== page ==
Latency refers to the time it takes a packet to transit a network link twice, from you to the server and then back from the server to you. It is also called delay, or Round Trip Time (RTT), or Ping. Latency is affected by link speed, switch transit speed, switch congestion, server processing time, packet size, the distance the packet must traverse, and the medium through which it must traverse. Each adds to the time. Which dominates depends greatly upon conditions. Network latency is expressed in milliseconds (ms), one thousandth of a second. Latencies in today’s U.S. networks range from 15 to 75 ms; they may range on any given line by tens of milliseconds, the range caused by traffic at switches and link congestion for highly shared links such as CATV networks.
Light and electromagnetic signals only travel at the “speed of light” (186,282 miles per second) in a vacuum. Light down a fiber optics transmission line has to contend with impurities and light bouncing along walls of the fiber that slow things down to around 70% of light speed (special fiber optics with air in the middle get well above 90%, but they are very expensive and restricted now to undersea cabling). Electromagnetic signals flowing down a copper line can be as slow as 60% of light speed. Except for signals going to a satellite, all terrestrial signals also encounter amplifiers (repeaters) and switches in the path. The measured time through the transatlantic fiber optic cables from the United States to Britain is about 60 milliseconds (one thousandth of a second), which cannot be improved upon (the cables include repeaters). Transcontinental latencies are similar—63 ms from San Francisco to New York, say. Of this figure 37 ms come from the length of the fiber optics wiring, the rest from switches and repeaters.
Latency has always been a problem, but one hidden from common view. A web page is built through a series of calls and responses, calls from the computer, responses from the server. There is a premium on getting the first byte there fast so a page build can start, and an equal premium on making the whole page appear as quickly as possible. Latency extends the time to build at every call and response. Web page designers do everything in their power to limit the number of calls during the page build. While the Cloud in its primary application has centralized computing and storage, the “Clouds” offered by Google, Apple, and Amazon depend upon Content Delivery Networks (CDN) that locate data centers at the edge of a global network, all over the earth, which centers contain duplicate files for all content of interest, precisely to get close to a customer location so delay, or latency, is minimized.
While IP packets can be as large as 65,535 bytes, the practical upper limit (and now average large Internet packet size) is the 1500 byte Maximum Transmission Unit of Ethernet, which carries IP traffic over home and business routers and local area networks. The full maximum of 65K adds 20 ms of delay at 25 mbps transmission rate, but only 0.5 ms at 1 gigabit. However, at the lower common rate of 1500 bytes, delay added by 25 mbps link speed is less than 0.5 ms. What is hard to compute as a commonplace is the effect of total packets required to send an information unit before a response can be generated. Without compression a typical advertising image of 728 x 90 pixels with 16 bit color requires 260 packets; if compressed best chances are 10:1 ratio, or 26 packets, which takes more than 12 ms at 25 mbps to transfer. However, at 1 gigabit, the transfer rate is 0.3 ms.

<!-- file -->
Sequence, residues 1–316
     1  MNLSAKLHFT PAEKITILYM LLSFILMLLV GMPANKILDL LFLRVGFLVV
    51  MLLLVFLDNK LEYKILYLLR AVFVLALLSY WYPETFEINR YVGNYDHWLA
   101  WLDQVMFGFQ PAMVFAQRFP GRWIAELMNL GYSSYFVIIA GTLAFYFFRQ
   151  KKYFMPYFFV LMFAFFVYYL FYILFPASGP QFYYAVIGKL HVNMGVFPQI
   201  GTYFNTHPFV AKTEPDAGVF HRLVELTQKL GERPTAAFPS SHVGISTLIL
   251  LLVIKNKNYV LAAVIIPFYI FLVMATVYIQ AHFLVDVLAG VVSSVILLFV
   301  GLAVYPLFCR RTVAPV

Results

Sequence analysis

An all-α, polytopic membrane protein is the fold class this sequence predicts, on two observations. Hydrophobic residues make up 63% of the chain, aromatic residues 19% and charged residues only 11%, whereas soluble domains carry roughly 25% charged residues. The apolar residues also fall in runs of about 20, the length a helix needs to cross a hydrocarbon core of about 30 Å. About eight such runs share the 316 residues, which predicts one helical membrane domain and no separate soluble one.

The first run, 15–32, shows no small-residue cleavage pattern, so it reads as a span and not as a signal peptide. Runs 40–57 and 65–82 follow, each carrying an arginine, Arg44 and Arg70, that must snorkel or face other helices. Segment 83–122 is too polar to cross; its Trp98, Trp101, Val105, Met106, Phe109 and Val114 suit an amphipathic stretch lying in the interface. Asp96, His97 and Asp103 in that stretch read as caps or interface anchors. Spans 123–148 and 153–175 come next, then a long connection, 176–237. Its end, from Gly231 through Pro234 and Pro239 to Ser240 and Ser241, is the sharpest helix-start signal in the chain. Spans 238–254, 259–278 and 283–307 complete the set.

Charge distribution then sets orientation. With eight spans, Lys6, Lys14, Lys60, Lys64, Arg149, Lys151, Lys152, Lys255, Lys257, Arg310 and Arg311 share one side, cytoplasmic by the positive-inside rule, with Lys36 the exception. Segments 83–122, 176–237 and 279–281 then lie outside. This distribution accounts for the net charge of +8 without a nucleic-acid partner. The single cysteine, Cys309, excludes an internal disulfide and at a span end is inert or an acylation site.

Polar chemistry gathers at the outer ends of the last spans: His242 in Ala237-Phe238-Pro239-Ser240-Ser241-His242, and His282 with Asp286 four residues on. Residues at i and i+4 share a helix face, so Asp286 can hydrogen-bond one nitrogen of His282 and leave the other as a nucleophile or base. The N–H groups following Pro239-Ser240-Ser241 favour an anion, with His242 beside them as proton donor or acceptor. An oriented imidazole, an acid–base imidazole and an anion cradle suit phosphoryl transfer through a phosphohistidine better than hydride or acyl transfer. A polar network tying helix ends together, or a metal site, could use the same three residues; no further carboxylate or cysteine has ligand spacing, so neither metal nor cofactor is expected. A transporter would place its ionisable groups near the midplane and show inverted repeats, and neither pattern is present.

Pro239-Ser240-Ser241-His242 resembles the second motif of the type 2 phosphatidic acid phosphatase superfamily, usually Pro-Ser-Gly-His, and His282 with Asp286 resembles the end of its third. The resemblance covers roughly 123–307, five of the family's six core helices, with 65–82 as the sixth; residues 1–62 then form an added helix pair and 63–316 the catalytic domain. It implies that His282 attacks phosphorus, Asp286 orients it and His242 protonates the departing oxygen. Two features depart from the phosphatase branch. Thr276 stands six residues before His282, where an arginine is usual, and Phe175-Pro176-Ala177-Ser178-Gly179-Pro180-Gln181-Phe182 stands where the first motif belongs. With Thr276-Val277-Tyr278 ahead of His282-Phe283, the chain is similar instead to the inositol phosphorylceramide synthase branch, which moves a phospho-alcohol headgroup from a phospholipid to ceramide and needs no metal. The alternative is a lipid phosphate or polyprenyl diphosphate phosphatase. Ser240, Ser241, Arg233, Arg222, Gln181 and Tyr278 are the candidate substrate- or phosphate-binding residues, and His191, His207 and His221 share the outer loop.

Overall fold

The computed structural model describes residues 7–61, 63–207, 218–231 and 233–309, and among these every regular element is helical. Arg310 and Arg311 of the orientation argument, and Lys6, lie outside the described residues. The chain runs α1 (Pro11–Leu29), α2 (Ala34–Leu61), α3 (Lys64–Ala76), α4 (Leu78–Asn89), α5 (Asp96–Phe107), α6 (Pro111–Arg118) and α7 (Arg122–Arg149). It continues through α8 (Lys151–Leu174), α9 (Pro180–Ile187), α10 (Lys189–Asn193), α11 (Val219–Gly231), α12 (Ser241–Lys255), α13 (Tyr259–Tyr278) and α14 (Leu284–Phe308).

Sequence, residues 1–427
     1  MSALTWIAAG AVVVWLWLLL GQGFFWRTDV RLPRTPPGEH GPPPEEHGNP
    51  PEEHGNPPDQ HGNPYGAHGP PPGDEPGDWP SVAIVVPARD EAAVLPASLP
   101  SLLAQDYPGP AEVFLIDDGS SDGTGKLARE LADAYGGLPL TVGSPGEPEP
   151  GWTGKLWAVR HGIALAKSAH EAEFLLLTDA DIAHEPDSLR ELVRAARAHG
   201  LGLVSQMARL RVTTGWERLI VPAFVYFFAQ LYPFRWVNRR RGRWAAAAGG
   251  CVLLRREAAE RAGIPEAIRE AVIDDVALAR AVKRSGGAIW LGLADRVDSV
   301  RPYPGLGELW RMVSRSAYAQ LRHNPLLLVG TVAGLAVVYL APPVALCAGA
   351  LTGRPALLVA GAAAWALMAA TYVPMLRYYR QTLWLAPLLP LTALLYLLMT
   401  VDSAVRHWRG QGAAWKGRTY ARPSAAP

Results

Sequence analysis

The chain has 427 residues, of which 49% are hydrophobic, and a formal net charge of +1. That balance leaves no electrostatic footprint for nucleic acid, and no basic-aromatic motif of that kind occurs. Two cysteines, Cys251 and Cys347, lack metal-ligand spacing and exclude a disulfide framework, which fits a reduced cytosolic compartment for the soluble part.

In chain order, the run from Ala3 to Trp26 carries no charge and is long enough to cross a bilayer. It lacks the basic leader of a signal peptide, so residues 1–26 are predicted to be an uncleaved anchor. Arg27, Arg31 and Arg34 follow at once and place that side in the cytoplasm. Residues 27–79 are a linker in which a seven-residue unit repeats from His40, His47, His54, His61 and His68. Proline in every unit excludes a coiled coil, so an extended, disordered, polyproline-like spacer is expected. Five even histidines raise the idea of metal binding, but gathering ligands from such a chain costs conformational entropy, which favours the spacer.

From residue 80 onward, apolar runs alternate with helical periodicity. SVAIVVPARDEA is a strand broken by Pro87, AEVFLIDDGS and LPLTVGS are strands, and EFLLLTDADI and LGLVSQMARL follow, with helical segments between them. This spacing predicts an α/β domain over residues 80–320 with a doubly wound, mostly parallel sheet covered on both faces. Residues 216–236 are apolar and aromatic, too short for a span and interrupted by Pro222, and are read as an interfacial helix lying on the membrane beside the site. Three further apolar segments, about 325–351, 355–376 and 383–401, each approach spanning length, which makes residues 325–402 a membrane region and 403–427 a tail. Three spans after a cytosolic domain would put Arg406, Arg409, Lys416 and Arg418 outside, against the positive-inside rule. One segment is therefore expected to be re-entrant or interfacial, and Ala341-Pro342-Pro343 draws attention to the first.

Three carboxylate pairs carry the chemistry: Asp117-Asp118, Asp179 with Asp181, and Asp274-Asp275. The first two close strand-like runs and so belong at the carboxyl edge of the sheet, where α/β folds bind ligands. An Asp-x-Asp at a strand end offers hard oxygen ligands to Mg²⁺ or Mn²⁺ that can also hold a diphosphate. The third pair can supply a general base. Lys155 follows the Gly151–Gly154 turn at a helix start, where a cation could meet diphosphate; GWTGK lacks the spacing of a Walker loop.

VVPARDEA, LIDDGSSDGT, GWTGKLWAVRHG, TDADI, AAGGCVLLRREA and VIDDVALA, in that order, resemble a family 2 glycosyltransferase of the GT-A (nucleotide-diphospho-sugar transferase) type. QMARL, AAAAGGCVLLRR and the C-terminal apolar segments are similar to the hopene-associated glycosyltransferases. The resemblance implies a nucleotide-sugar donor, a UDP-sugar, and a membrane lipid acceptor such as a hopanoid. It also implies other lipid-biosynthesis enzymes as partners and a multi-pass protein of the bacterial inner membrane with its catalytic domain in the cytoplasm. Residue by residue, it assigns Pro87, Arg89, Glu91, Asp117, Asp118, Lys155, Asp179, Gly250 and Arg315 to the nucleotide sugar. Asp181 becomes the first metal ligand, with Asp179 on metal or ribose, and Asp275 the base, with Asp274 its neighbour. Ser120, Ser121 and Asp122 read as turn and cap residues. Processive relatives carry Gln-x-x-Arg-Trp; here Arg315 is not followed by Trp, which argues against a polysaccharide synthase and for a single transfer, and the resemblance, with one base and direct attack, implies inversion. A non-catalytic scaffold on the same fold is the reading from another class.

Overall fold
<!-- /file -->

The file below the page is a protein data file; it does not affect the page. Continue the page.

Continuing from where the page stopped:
We offer these numbers because a variety of future applications will demand predictable latencies below 10 ms. This is the figure claimed by people working on remote Virtual Reality to avoid nausea and some telemedicine equipment designed for remote surgeries or rapid file transfer during emergencies. Autonomous vehicles need latencies closer to 1 ms. Four things become apparent from the material above. One, the server must be close, within a hundred miles or so. Two, the data rates have to be in the gigabit range in both directions. Three, there cannot be many switches and repeaters in the way. Four, server processing has to be quick. These system pieces do not exist now, but the applications are clearly in the wings; they will force data rates and latencies to improve considerably. From the perspective of the last-mile network, fiber optics will be a key component to make these applications a reality.
The transition from dial-up modems in 1978 at 2400 bps as the top speed to dial-up modems in 1998 at 56,000 bps as the top speed to DSL and cable modems running from 2 to 8 mbps as top speed in 2008 to cable modems and advanced forms of DSL running at 50 mbps top speed in 2018 will continue. At some point in the not too distant future cable and telephone networks, relying as they do upon copper lines, will be unable to keep up. Fiber optics all the way to the home or business will be the answer, with nominal data rates in both directions of 1 gigabit per second a kind of standard offering.